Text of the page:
“It was in my head there for about two or three years. It took a long time because it was only my first go at proper creative writing but I’m happy now it came full circle.

“I did the readability test on it, it would be for an average 11-year-old but there’s very advanced nine, ten year-olds that I’m sure would be well able for it. I’ve adults now, they’re very into it, they’re coming back with their feedback. There’s supposed to be a lot of fun characters in it as well so hoping a lot of people will enjoy it.”

paddy-stapleton-up-in-the-air Source: Odhran Ducie

Stapleton’s teaching and inter-county playing experience informed him when it came to the subject matter.

“It wasn’t in my business mind that there was a gap but as an English teacher I was thinking, ‘God there is nothing out there’. As much as it’s about GAA, it’s about Irish kids. There’s such a following of GAA in Ireland, to me it’s like another religion. In lockdown we saw how important it is to people and we live an awful lot of our life through it.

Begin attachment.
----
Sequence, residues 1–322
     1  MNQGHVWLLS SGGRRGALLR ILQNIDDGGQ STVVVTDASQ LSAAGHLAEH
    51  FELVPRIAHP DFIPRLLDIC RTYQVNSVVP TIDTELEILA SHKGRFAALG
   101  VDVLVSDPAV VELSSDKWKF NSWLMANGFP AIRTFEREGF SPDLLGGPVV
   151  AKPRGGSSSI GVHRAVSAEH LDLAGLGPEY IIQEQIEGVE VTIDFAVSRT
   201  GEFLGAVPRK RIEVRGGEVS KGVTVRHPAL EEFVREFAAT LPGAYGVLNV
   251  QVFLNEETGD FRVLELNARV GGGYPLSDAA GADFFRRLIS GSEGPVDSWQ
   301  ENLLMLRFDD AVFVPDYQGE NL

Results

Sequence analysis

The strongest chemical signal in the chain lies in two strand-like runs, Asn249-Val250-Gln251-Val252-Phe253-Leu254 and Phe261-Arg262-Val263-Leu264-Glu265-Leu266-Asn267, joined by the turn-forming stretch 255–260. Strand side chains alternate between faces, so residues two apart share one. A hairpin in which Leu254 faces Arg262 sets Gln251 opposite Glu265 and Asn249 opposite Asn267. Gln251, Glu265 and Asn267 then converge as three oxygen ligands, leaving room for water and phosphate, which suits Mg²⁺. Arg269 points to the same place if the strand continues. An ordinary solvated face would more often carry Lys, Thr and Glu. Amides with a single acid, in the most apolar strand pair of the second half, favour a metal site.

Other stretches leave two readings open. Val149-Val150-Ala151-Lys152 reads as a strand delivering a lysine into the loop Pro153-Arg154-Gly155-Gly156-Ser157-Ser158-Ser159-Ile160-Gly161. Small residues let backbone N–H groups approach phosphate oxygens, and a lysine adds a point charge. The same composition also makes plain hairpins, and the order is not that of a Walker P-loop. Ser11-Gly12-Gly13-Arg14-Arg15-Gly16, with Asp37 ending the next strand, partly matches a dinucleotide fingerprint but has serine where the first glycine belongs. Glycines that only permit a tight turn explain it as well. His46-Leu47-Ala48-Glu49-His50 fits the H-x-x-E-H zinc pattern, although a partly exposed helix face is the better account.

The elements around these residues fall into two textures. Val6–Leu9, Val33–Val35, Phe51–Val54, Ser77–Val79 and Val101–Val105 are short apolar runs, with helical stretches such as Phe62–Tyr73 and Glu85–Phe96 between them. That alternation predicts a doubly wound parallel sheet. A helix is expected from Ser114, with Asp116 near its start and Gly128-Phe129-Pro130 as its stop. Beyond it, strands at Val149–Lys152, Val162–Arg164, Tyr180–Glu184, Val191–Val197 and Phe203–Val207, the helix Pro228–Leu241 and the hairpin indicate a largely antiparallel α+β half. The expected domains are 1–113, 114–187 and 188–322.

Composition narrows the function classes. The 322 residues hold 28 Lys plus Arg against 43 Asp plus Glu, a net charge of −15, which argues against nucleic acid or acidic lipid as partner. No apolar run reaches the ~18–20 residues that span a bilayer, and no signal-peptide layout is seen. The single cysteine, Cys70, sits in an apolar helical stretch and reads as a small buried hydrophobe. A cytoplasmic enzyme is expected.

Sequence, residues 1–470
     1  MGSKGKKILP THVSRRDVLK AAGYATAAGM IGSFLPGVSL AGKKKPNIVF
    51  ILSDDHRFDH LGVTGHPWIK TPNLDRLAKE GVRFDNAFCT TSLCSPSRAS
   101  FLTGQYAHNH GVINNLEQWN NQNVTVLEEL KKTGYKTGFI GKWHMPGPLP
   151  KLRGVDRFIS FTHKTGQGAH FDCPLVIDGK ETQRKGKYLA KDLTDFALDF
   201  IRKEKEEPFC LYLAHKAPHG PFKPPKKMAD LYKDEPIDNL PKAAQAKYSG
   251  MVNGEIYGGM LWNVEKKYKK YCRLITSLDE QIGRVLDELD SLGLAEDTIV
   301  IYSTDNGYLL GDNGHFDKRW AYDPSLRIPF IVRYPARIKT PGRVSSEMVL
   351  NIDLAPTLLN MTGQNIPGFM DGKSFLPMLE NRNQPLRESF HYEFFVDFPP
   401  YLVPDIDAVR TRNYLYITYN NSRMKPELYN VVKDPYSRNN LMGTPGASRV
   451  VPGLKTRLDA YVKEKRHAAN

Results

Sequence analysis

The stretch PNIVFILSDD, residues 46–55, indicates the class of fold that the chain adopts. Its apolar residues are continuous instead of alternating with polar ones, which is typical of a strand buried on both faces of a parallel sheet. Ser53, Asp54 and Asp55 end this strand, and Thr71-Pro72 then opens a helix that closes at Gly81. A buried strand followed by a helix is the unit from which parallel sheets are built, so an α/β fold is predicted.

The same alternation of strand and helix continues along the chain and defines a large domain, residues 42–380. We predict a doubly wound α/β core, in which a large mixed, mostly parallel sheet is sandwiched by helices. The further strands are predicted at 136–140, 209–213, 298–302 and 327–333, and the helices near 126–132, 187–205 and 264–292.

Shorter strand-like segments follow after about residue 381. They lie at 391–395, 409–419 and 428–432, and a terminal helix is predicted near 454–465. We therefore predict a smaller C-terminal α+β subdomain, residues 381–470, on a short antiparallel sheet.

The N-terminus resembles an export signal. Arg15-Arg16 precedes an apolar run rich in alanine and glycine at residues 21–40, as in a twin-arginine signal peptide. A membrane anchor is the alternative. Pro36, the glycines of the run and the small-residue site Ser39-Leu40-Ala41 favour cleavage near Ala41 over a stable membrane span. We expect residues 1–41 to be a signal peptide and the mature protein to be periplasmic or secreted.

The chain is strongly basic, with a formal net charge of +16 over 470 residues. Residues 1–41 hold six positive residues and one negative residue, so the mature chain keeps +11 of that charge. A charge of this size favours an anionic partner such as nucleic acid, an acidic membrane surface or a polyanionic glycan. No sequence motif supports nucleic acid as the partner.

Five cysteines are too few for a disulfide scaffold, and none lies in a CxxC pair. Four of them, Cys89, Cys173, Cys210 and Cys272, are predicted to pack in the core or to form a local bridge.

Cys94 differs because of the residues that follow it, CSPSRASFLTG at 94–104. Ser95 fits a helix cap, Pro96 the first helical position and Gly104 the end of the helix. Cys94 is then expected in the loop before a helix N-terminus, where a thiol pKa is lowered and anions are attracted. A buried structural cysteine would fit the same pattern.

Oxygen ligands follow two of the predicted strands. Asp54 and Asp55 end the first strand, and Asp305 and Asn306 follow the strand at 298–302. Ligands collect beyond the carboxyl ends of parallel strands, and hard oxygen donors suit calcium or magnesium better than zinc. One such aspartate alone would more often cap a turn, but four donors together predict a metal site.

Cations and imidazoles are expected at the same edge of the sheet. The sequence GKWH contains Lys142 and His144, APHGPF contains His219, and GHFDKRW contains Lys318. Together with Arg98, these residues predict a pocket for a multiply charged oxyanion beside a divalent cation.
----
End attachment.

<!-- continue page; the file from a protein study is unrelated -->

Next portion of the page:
“Being involved in GAA, I just thought it would be a nice topic, write about what I know as well. I work in a school and you see an awful lot of anxiety and pressure on kids, there’s an awful lot of that in it and how they deal with it.

“I’m an English teacher myself and when I was growing up I struggled badly in primary school with English and reading and writing but it was reading sports books helped me. My mother said, ‘Right we’ll just get you any magazine’. Shoot, Match and Man United history books and all these.

“I was thinking that maybe there’s kids who think they don’t like reading and if we had something that they already knew about and are excited about, it might help a bit more. That was the inspiration behind it.”

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Fintan O'Toole